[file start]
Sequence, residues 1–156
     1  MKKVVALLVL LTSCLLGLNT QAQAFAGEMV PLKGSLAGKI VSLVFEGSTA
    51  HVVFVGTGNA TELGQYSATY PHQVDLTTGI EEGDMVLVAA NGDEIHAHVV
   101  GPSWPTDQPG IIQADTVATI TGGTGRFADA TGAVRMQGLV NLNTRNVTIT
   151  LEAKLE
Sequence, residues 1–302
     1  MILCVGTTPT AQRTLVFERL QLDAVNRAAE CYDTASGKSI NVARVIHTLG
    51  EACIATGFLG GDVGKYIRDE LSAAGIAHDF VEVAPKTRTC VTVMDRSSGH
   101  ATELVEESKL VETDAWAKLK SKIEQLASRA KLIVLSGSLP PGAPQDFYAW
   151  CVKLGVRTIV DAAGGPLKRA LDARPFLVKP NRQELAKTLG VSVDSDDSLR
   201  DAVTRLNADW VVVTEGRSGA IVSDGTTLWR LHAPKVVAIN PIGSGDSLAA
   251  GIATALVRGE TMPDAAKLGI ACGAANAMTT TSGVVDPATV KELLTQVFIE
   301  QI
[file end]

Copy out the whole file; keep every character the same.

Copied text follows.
Sequence, residues 1–156
     1  MKKVVALLVL LTSCLLGLNT QAQAFAGEMV PLKGSLAGKI VSLVFEGSTA
    51  HVVFVGTGNA TELGQYSATY PHQVDLTTGI EEGDMVLVAA NGDEIHAHVV
   101  GPSWPTDQPG IIQADTVATI TGGTGRFADA TGAVRMQGLV NLNTRNVTIT
   151  LEAKLE
Sequence, residues 1–302
     1  MILCVGTTPT AQRTLVFERL QLDAVNRAAE CYDTASGKSI NVARVIHTLG
    51  EACIATGFLG GDVGKYIRDE LSAAGIAHDF VEVAPKTRTC VTVMDRSSGH
   101  ATELVEESKL VETDAWAKLK SKIEQLASRA KLIVLSGSLP PGAPQDFYAW
   151  CVKLGVRTIV DAAGGPLKRA LDARPFLVKP NRQELAKTLG VSVDSDDSLR
   201  DAVTRLNADW VVVTEGRSGA IVSDGTTLWR LHAPKVVAIN PIGSGDSLAA
   251  GIATALVRGE TMPDAAKLGI ACGAANAMTT TSGVVDPATV KELLTQVFIE
   301  QI